The Houston-native worked as a substitute teacher for two years, before moving to Saudi Arabia and then Turkey in 2015. It’s then he’s believed to have joined ISIS
Few details have been released so far about al-Hamid, who is said to be 35.
Speaking to Fox News, Pentagon spokesperson Sean Robertson said: ‘We are aware of open source reports of reportedly American citizens currently in custody who were believed to be fighting for ISIS.
‘However, we are unable to confirm this information at this time. The incident is under investigation.’
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On December 19, President Trump announced that US soldiers would be withdrawn from Syria under the pretense that ISIS had been ‘defeated’ in the region.
However, yesterday the BBC reported that two British soldiers had been ‘seriously injured’ in a IS-led missile strike on Saturday morning.
The President’s spontaneous announcement prompted the resignation of defense secretary Jim Mattis, along with the White House’s senior envoy to the fight against ISIS, Brett McGurk.
President Trump announced the immediate withdrawal of US Troops from Syria last month, but that plan appears to have now stalled
Department of Defense chief of staff Kevin Sweeney also resigned from his post on Saturday evening.
Trump’s initial claims of an immediate withdrawal have now appeared to stall, after the president’s national security adviser, John Bolton, admitted on Sunday that there’s no timeline in place for the exodus and there’s a number of conditions that must to be met first before the exit can commence.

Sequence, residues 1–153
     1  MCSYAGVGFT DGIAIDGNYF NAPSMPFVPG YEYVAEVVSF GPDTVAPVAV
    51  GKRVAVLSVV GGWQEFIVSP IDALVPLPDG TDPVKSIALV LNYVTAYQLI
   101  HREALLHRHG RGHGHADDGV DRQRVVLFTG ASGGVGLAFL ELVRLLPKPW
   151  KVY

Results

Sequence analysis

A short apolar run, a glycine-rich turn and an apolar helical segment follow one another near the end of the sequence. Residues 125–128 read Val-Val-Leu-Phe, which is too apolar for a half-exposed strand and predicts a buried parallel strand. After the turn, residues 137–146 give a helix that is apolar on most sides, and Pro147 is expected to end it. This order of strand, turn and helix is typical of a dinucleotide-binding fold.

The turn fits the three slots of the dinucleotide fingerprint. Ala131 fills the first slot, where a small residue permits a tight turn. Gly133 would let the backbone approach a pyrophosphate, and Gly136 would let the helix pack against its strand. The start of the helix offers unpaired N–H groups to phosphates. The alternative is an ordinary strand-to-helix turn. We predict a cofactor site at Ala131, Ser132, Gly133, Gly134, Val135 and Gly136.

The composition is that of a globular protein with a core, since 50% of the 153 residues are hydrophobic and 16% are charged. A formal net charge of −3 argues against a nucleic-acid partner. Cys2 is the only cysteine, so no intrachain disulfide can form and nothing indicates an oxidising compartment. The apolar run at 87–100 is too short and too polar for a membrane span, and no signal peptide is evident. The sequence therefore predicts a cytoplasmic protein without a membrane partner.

‘There are objectives that we want to accomplish that condition the withdrawal,’ Bolton told reporters.
‘The timetable [of the withdrawal] flows from the policy decisions that we need to implement.’
White House national security adviser John Bolton has now revealed the once hasty exit plan is subjected to a number of conditions before it can commence
Trump’s spontaneous announcement has been followed by the resignations of defense secretary Jim Mattis (left) and Kevin Sweeney (right)
One of the key conditions, Bolton went on to explain, was to ensure the safety of the Kurdish militias who have been instrumental in the US’ efforts to eradicate Syria of ISIS.
However, Turkey considers the Syrian Kurdish forces to be a terrorist group linked to an insurgency within its own borders.
Ahead of his meeting with Turkish officials on Monday, Bolton said he will seek ‘to find out what their objectives and capabilities are and that remains uncertain.’
According to Bolton, Trump has vehemently stated he will not allow Turkey to attack the Kurds. ‘That’s what the president said, the ones that fought with us.’
According to Bolton, the President has vehemently stated that the Turkish military should not attack any Kurdish allies, who assisted the US in the war against ISIS
Bolton said the US has told its Kurdish allies to ‘stand fast now’ and refrain from seeking protection from Russia or Syrian President Bashar al-Assad’s government.
‘I think they know who their friends are,’ he added.